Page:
Re: [TLS] Unwarrented change to point formats

Eric Rescorla <> Sun, 27 July 2014 20:27 UTC

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From: Eric Rescorla <>
Date: Sun, 27 Jul 2014 13:26:32 -0700
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To: "Paterson, Kenny" <>
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Subject: Re: [TLS] Unwarrented change to point formats
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On Sun, Jul 27, 2014 at 11:25 AM, Paterson, Kenny <
> wrote:

> Watson,
> There was certainly support for Curve25519 at the CFRG interim phone
> conference, from my reading of the transcript.
> I don't think the reasons for the TLS WG to ask for our input are
> nebulous, as you put it. I'd say they were taking a responsible approach,
> charging us as experts to explore the alternatives carefully and make
> recommendations. This choice will affect the future security of TLS for
> years - or decades - to come. So we have to get it right.

This reflects my understanding as well.

> That request to us does not mean anyone is ignoring existing drafts, as
> you write. I am also not aware of this IETF-wide requirement that you
> mention. I believe it's a "nice to have", but not a hard requirement.

Speaking only for myself, I don't think there's anything particularly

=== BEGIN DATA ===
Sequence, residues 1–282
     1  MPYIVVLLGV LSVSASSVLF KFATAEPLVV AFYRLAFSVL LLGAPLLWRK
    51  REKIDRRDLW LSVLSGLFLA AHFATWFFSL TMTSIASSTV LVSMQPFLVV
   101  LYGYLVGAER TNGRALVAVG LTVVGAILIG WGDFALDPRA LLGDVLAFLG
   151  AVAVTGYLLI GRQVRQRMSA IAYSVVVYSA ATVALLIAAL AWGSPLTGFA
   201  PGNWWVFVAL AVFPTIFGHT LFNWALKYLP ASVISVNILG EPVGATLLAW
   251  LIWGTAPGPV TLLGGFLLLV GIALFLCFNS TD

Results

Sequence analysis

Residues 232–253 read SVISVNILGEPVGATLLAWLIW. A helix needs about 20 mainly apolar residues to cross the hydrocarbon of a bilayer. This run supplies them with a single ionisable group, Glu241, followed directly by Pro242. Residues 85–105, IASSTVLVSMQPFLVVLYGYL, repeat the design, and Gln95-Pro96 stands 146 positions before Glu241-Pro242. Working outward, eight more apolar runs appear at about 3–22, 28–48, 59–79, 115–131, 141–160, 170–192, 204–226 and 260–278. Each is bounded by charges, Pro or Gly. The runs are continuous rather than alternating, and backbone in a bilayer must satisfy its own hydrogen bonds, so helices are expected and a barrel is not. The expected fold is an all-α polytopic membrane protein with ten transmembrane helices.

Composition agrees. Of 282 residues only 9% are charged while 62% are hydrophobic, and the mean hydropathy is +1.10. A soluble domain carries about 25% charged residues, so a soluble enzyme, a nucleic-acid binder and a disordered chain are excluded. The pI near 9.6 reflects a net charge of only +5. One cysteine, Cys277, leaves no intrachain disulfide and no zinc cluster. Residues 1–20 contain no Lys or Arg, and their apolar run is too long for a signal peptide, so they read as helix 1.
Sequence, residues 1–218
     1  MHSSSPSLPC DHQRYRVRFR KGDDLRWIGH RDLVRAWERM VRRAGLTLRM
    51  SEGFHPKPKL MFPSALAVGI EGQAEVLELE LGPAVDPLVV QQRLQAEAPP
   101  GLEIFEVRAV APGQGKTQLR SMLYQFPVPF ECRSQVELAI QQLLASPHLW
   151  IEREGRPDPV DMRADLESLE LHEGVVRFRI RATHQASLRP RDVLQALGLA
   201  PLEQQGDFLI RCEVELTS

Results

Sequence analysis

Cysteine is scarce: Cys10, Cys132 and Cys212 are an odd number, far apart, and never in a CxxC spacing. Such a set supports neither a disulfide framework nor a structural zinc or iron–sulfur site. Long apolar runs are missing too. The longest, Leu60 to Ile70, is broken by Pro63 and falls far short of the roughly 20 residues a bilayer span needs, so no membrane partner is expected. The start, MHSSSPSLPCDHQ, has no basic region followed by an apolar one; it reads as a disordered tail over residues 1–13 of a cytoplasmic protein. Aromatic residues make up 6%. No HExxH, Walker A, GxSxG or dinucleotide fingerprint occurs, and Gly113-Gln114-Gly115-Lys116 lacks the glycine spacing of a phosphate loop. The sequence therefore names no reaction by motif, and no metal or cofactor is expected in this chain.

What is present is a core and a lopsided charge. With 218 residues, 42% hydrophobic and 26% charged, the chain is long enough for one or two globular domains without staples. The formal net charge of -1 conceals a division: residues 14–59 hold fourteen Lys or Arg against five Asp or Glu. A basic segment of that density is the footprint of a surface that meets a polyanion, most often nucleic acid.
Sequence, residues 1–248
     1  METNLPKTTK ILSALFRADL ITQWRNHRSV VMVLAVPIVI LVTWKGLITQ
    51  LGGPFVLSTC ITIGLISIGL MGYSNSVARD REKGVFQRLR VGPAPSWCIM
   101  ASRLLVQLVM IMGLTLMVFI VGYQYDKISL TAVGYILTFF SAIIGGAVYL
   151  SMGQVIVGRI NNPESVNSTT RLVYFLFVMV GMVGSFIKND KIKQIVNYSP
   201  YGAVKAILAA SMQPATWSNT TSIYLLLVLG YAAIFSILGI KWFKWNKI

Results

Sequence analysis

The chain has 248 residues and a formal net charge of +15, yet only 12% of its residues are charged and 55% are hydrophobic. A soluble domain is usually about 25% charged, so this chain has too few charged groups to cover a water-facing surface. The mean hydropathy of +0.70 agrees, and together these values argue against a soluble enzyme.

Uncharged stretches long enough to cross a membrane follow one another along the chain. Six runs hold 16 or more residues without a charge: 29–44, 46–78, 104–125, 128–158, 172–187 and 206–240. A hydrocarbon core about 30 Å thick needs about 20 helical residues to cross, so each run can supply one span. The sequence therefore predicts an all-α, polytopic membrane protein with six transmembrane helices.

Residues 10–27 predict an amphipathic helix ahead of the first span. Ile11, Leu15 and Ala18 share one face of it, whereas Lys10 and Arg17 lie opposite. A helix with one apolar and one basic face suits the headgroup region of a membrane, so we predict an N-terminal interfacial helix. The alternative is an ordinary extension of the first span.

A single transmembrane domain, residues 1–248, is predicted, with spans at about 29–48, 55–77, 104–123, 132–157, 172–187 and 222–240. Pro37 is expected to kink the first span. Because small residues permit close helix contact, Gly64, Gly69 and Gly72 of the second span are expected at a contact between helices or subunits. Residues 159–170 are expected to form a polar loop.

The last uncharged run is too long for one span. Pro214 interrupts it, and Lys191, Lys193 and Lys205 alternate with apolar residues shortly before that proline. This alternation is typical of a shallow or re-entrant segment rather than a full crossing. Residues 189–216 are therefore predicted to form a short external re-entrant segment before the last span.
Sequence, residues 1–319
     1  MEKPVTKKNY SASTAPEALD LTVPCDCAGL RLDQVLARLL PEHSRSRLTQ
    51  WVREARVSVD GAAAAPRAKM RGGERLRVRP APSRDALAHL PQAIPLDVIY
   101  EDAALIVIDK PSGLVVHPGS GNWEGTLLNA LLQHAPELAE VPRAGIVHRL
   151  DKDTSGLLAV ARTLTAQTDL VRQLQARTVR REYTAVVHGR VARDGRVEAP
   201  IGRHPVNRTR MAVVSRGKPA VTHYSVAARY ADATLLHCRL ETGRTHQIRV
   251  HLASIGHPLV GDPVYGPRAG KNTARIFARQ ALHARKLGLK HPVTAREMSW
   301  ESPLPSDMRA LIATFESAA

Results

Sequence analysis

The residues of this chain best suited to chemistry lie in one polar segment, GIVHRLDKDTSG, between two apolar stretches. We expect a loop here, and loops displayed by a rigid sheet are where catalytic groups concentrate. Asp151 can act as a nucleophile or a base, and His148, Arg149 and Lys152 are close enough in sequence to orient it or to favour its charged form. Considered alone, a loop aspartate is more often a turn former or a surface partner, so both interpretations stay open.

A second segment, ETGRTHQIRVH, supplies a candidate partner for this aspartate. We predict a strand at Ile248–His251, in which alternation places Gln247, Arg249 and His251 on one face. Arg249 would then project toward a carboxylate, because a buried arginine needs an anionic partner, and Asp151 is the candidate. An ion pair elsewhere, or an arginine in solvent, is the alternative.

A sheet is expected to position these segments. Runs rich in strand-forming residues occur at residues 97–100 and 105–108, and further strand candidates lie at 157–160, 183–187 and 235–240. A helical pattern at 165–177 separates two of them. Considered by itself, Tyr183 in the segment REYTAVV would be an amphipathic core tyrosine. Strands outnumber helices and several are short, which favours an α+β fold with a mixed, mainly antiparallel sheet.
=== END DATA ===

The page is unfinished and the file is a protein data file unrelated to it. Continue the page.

mysterious here. The TLS WG is not chartered to do this kind of analysis
so we've turned to the CFRG. It would clearly be most efficient if the IETF
had a common set of cryptographic primitives where possible. It's true
that TLS was the first WG to try to write down a specific request, but it
seems likely that our needs are mostly common with other protocols.

To take a specific set of cases. TLS has three major uses for public key
crypto of this type:

- Key establishment
- Digital signatures over handshake messages (ServerKeyExchange,
  CertificateVerify, etc.)
- Digital signatures over certificates.

It seems likely that key establishment shares common requirements for
multiple protocols. Similarly, it would be quite convenient if the
used in TLS were the same as those used for the certificates used for TLS,
even though the latter are not defined in TLS. So, when I say an IETF-wide
set of recommendations that's the kind of thing I mean.

I wasn't aware that any of this was particularly controversial.